Medical Malpractice in An Emergency

Emergency medical situations often require immediate decisions and quick responses that can lead to misdiagnosis, medication errors, mismanagement of medical tests and other acts that often exacerbate a patient’s current condition or cause a completely new medical issue. In some cases, significant injury, illness or death is a result.

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infographic_Medical-Malpractice-in-Emergency-Rooms Medical Malpractice in An EmergencyTop Causes of Malpractice in the ER

The American College of Emergency Physicians (ACEP) reports that approximately 136 million people visit emergency rooms across the nation each year.

  • In about 81 percent of cases, patients are discharged, and in many situations they are sent home without receiving thorough testing or extensive evaluation of their conditions. Only around 16 percent of ER patients are admitted to the hospital for further treatment. Since emergency medical staff focus primarily on procedures that stabilize their patients, serious, and sometimes life-threatening conditions are sometimes mistakenly overlooked. In fact, a recent study revealed that about 30 percent of malpractice lawsuits that were related to emergency rooms involved misdiagnosis and another 20 percent were due to failure to diagnose.
  • Understaffing in emergency medical departments is a growing concern throughout many hospitals in the United States. As the number of ER patients continues to rise and staffing shortages remain, many patients who require immediate medical treatment within 1 to 14 minutes are forced to wait dangerously long amounts of time for care. According to ACEP, these long waits can result in worsening conditions and more severe injuries. Sometimes permanent injury or death is the consequence. When emergency room staff fails to recognize a critical condition or fails to provide immediate treatment and the patient’s condition worsens as a result, the hospital may be able to be held liable for damages.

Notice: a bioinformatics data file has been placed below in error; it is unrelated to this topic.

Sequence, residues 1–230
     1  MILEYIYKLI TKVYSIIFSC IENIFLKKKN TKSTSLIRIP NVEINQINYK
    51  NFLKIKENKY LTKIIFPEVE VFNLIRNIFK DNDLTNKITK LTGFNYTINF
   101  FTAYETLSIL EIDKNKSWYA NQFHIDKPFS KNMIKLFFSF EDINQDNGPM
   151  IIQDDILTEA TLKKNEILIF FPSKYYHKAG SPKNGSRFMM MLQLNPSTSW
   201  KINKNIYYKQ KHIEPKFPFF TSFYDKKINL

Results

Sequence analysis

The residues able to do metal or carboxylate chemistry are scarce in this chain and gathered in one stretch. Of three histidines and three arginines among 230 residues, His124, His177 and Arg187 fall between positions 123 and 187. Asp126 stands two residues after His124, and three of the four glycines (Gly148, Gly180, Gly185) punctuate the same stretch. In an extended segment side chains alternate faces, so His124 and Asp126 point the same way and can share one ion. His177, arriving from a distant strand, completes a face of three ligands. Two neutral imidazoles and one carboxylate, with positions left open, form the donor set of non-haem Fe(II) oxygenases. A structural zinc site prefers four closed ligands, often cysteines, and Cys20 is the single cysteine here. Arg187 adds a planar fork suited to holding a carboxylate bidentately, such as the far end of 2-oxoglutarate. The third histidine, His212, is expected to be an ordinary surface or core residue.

• Hospitals that receive funding from Medicare are required to abide by the rules set forth by the Emergency Medical Treatment and Active Labor Act (EMTALA). Under this federal law, patients cannot be refused treatment regardless of their inability to pay. In many cases, however, “patient dumping” occurs (especially in private hospitals) and patients are forced to seek medical treatment at other facilities which delays diagnosis and proper medical care. When a patient is turned away from a hospital without first being evaluated and stabilized, the hospital can be held liable for damages.

 

Individuals who are victims of medical malpractice or negligence in emergency rooms can often receive compensation for pain and suffering, medical expenses, loss of earning capacity, and more.

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